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Caleb: "In a recent report, your group says this disaster is a reinsurance event. Explain to our listeners what you mean by that. Who are these reinsurance companies, and how can they absorb losses? If we're really talking about $60 billion, how can a reinsurance company absorb that? We know Warren Buffett of Berkshire Hathaway—they own a very big reinsurance company. Swiss Re is a very big reinsurance company. But just simply explain the dynamic. How does it work? How do these costs get passed on, and ultimately, who pays?"
Brian: "Yeah, so there are several layers. You have the policyholders obviously—they buy policies from the insurance companies, but then the insurance companies don't want a huge accumulation of risk, although they're not a big player in the market. Look at companies like Allstate that do have losses in some of the areas. They have aggregation of catastrophe risk across the whole country, and they don't want to have to have the losses if there is a large event like we saw with Hurricane Ian. So what they'll do is they'll buy their own insurance from what are called reinsurers. So as you mentioned, some of the big ones being National Indemnity with Warren Buffett's company, Berkshire Hathaway. You mentioned Swiss Re. But in Munich, there's a lot of big European reinsurers that have quite a bit of capital, and they have the ability to be able to withstand these type of losses."
"But over time, investors in these reinsurance companies are going to have issues with having these claims year-in and year-out. So we've seen heightened catastrophe losses over the last five years or so. Essentially since since 2017, there's been quite a bit of a catastrophe losses. So I know they have to go and explain to their investors every year why their losses are above average. And it really has taken a toll on their stock price, and they're, for the most part, trading below book value in recent periods because of the concern that these catastrophes will continue in the future. We've seen periods in the past where natural disasters have been less frequent—and that's really how insurers are able to make money in the long term, knowing that there will be certain years with fewer catastrophes and natural disasters. During those years, they can make up for years with elevated risk, where they are paying extra claims and having underwriting losses."
"One other layer that's actually on top of that, that impacts both of the layers beneath it, is what the industry calls retrocession, which occurs when the reinsurance companies go and buy insurance for themselves as well. So that's a smaller, more niche market. But a lot of these entities that insure the insurer—the reinsurance companies—are really the capital markets. So you'll have various insurance-linked securities that investors—certain more private investors, high-net worth individuals, will get involved in to provide that capacity to the reinsurers, to the extent that these reinsurers don't want to have as much risk either. And that's another area where we've seen a lot of price increases, we've seen a lot of capacity decline in the retrocession, or what we call the retro market."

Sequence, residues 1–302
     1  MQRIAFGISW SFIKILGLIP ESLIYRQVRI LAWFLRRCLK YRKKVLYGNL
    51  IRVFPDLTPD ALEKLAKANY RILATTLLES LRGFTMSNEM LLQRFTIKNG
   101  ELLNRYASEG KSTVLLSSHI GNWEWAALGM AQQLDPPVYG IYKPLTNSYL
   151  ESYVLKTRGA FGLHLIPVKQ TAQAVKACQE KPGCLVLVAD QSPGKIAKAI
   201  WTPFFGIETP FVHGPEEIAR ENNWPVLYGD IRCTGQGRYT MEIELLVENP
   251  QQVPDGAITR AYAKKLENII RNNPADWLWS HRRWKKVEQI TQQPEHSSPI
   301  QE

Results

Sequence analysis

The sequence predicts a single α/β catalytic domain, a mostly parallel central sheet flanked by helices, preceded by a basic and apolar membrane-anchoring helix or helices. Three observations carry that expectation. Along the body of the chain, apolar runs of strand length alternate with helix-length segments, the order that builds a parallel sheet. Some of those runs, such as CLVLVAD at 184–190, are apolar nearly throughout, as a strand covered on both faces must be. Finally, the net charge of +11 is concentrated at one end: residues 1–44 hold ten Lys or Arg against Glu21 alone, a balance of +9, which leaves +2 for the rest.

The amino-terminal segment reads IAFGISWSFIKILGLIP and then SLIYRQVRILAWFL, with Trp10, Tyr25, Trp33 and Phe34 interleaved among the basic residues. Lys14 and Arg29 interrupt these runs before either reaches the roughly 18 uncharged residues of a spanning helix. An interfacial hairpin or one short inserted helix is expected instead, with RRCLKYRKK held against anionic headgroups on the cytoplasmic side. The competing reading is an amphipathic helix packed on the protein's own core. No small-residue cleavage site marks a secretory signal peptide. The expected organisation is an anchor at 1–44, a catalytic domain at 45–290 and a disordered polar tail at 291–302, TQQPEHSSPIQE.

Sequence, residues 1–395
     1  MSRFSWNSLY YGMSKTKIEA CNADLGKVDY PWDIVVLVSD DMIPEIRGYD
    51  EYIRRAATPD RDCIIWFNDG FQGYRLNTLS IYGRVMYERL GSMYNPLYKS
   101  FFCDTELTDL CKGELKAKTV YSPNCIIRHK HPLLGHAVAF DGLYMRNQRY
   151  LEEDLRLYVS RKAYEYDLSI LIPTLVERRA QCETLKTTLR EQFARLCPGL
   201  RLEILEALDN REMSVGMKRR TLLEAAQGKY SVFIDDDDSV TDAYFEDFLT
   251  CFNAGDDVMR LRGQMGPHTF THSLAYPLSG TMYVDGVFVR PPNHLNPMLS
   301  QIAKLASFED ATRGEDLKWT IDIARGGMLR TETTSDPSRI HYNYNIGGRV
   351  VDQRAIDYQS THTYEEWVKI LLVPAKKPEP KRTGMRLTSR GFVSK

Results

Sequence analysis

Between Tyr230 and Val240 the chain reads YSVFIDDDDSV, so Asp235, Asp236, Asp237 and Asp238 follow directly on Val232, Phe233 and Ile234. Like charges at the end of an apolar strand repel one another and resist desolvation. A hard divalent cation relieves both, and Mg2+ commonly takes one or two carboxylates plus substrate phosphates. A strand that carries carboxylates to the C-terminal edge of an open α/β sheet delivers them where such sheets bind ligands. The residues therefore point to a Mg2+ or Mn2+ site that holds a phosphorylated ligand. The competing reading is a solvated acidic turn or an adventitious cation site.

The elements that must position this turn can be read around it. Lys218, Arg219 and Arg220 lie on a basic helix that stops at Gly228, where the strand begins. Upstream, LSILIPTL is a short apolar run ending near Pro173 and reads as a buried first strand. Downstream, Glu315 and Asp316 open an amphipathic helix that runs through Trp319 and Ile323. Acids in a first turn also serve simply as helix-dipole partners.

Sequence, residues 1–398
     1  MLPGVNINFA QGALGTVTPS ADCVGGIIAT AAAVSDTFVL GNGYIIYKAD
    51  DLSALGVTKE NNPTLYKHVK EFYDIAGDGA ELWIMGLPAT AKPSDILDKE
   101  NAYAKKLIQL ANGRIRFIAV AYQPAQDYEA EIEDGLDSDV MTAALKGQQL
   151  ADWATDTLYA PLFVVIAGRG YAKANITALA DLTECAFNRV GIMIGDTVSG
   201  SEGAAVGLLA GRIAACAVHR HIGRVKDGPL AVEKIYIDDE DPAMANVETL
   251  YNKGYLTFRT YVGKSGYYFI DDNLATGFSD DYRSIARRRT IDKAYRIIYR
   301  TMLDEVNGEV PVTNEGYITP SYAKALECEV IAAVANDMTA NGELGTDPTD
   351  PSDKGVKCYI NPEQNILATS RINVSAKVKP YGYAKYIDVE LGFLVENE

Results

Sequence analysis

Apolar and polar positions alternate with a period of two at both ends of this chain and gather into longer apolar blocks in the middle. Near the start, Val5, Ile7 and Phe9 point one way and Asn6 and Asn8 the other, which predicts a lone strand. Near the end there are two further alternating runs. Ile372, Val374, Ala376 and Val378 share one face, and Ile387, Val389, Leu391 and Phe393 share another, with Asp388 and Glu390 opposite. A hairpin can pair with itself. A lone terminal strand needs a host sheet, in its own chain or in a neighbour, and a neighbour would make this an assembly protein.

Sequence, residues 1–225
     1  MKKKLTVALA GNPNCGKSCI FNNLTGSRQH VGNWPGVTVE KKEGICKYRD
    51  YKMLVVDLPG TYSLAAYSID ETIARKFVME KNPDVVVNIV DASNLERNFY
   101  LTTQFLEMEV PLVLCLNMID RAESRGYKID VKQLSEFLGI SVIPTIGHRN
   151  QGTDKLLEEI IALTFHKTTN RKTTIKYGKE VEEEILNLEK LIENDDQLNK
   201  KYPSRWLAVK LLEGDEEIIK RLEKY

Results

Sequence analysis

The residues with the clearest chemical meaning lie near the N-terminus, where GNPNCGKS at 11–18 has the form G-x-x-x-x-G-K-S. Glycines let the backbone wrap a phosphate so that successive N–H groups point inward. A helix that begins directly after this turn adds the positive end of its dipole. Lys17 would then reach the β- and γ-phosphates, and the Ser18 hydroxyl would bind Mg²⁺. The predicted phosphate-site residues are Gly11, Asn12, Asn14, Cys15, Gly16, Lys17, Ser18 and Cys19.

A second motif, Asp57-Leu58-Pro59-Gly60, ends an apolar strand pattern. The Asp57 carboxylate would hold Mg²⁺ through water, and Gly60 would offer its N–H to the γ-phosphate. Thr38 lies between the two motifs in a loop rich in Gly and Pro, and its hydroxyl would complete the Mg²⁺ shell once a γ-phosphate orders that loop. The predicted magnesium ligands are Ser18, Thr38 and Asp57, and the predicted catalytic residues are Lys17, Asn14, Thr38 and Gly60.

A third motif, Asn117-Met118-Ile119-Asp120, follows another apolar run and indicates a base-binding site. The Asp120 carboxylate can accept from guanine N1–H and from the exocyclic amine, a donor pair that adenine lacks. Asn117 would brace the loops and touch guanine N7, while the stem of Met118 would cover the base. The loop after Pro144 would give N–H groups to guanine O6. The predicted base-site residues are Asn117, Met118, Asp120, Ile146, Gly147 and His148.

"So if the reinsurance companies are unable to transfer risk to the retro market, and the insurance companies are seeing less ability to transfer risk to the reinsurance companies that don't want to have the extra claims, it really all flows down to the ultimate policyholders. So at the end of the day, the policyholder is the one that ultimately has to come up with whatever the losses are for any particular area, because that's really how insurance works—trying to spread the risk across a wide range, so that any one individual will not be devastated by that risk."
"But the problem is, with the geography of Florida, it's in a pass of hurricanes. And to the extent that we don't have these quiet periods where both the insurance companies and the reinsurance companies can build up profits and capital during periods of low activity—if we don't have those anymore, then it just makes it very, very difficult for the market to be able to work. Because if you're having high losses every year, then it just becomes very difficult to be able to afford the insurance premiums for these policyholders, and it simply becomes an affordability issue."
"And that's where the government gets involved, where they obviously want to have people living in Florida, they want to people coming to Florida. And to the extent that the insurance is just too expensive for that, which may just be the nature of the accumulation of losses that are just going to require high insurance premiums. And I talked a little bit about the potential for fraud, but I think in the long term, the amount of catastrophes that we're going to see in Florida, and the potentially other areas that we've seen in other parts of the world, just makes it that much more difficult to be able to insure that."